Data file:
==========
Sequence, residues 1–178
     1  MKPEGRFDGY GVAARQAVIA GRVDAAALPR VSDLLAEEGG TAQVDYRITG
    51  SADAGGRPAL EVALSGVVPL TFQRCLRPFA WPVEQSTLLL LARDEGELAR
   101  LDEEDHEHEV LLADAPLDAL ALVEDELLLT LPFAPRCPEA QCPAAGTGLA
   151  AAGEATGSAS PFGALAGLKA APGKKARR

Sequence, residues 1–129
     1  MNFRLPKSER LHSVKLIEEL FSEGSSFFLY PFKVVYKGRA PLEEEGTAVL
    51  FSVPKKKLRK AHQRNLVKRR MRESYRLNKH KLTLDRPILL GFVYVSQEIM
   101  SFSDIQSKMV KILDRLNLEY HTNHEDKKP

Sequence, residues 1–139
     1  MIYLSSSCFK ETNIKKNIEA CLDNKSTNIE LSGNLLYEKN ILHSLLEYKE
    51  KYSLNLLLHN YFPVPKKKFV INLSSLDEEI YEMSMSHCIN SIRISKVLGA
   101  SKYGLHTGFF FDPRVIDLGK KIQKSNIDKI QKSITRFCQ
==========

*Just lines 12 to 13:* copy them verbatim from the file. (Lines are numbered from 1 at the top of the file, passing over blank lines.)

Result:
    51  KYSLNLLLHN YFPVPKKKFV INLSSLDEEI YEMSMSHCIN SIRISKVLGA
   101  SKYGLHTGFF FDPRVIDLGK KIQKSNIDKI QKSITRFCQ